[I]f our actions are going to affect another, we must first obtain the consent of the other. A weakness of ethical systems based upon individual morality is that different people empathize differently, and some do so very poorly, if at all. The strength of an ethical system based upon hybridual
morality is that the guesswork is much reduced; if our actions are going to affect another, we must first obtain the consent of the other. It may be argued that this is not always practical, but such an argument is not relevant to the many instances where consent is possible. Generally, if I have time to affect you, I have time to ask you if you accept the effect. This is well-demonstrated in the “Antioch Code” for sexual behavior. At each state of progression from kissing to intercourse, explicit consent is required. This Code precludes the possibility of “date rape”, whereas under the Golden Rule or Kant a person might well say “I would have wanted that kiss, so they should want it to.”

The ethics of hybridual morality may be called “geoethics,” meaning that it takes into account the whole. Geoethics considers the whole directly via communication rather than focusing only upon the atomistic part, and imaging the whole indirectly, via empathization. Geoethics is empowered by an information-intensive society because it becomes practical to seek and document the consent of others readily and frequently. Under the geoethics of hybridualism, it is wrong to impact someone without first asking their consent, whether or not that impact is believed to be harmful by you or someone else.

As noted above, contemporary philosophers like Jurgen Habermas and Rudolph Beck have paved the way for geoethics. Habermas uses the term “participatory discourse” to encompass the way he subsumes Kant’s Categorical Imperative within a collective process [5]. Put simply, Habermas asks “why imagine how others would feel if I act thusly; I can just ask them and obtain their consent.”  Beck notes that in modern times, the imposition of risk of harm on unseen, usually geographically distant others is the palliative consequence of economic development for a fortunate minority [6]. He discovered that the new social struggle worth fighting is between those who create risks and those who involuntarily bear the brunt of them. This struggle over risk has rendered obsolete the old battle lines between workers and managers, and among nationalities and ideologies. When one suffers from technology-engendered cancers, it doesn’t matter if you live in India or in Pakistan. You are united in your opposition to the imposition of cancer risks upon you without your consent. When one suffers from fear of unsafe food, it doesn’t matter if you are the wife of a CEO or the husband of a factory laborer.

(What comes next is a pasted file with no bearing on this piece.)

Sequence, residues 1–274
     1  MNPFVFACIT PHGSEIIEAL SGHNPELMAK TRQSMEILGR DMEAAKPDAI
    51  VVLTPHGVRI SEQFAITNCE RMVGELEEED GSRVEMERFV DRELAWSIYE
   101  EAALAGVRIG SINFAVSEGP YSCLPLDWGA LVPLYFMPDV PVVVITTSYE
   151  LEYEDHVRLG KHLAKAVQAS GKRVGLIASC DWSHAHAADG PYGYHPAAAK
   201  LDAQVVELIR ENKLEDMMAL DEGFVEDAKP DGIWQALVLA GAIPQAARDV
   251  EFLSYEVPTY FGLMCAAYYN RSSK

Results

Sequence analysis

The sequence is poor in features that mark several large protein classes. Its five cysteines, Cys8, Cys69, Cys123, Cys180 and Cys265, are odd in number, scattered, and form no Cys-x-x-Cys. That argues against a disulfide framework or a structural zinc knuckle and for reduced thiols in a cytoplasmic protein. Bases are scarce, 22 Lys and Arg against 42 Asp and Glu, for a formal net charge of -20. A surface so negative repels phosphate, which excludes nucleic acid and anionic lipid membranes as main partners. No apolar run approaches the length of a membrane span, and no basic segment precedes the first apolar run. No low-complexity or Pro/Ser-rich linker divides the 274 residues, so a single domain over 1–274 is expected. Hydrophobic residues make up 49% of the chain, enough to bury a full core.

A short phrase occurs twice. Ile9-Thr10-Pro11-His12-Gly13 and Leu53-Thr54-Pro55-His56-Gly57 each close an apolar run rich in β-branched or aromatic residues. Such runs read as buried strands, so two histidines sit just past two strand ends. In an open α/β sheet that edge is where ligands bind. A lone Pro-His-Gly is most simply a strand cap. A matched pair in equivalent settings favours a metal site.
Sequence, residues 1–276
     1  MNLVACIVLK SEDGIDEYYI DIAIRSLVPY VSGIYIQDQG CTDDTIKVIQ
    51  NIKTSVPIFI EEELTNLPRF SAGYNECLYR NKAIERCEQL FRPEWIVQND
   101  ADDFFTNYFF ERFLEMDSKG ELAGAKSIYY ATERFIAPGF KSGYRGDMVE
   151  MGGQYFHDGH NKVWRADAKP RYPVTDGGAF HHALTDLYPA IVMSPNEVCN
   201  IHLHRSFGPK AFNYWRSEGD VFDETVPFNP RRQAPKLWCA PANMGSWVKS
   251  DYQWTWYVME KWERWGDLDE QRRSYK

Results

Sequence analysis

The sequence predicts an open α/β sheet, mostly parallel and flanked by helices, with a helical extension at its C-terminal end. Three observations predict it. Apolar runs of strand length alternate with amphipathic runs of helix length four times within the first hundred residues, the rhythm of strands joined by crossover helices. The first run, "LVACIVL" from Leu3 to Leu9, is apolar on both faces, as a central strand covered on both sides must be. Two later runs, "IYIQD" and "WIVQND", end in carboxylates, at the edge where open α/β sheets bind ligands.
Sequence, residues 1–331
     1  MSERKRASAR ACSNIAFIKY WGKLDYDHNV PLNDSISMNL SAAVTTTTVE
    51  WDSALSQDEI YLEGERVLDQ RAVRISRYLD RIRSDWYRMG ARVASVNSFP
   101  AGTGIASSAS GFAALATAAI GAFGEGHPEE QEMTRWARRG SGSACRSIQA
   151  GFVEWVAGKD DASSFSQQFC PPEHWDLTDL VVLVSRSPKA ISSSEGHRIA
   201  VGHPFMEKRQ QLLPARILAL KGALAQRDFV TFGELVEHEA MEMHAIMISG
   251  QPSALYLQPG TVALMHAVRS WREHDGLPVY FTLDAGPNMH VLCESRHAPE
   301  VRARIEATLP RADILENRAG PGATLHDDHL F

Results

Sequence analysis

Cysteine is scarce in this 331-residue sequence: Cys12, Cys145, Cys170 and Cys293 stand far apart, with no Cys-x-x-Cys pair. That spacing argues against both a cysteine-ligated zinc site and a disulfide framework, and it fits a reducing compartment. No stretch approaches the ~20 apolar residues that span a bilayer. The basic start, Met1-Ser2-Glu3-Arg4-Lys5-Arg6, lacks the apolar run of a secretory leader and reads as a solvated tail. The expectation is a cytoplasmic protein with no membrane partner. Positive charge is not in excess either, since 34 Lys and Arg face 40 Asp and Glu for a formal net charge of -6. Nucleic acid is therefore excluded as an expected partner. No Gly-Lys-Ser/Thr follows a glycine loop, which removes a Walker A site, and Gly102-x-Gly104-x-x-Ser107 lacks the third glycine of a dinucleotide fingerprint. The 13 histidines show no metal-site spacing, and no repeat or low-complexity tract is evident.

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[1] Kant, I. (1979), Lectures on Ethics, Infield, L., tr., Hackett:  Indianapolis.

[2] Habermas, J. (1990), Moral Consciousness and Communicative Action, Lenhardt, C. & Nicholsen, S., tr., MIT Press:  Cambridge, Mass.

[3] Beck, U. (1992), Risk Society:  Towards a New Modernity, Sage:  London

[4] Rawls, J. (1971), A Theory of Justice, Harvard University Press:  Cambridge, Mass.

[5] Habermas, J. (1996), Between Facts and Norms: Contributions to a Discourse Theory of Law and Democracy, Rehg,W. tr., MIT Press: Cambridge, Mass.

[6] Beck, U. (1992), Risk Society:  Toward a New Modernity, Sage: London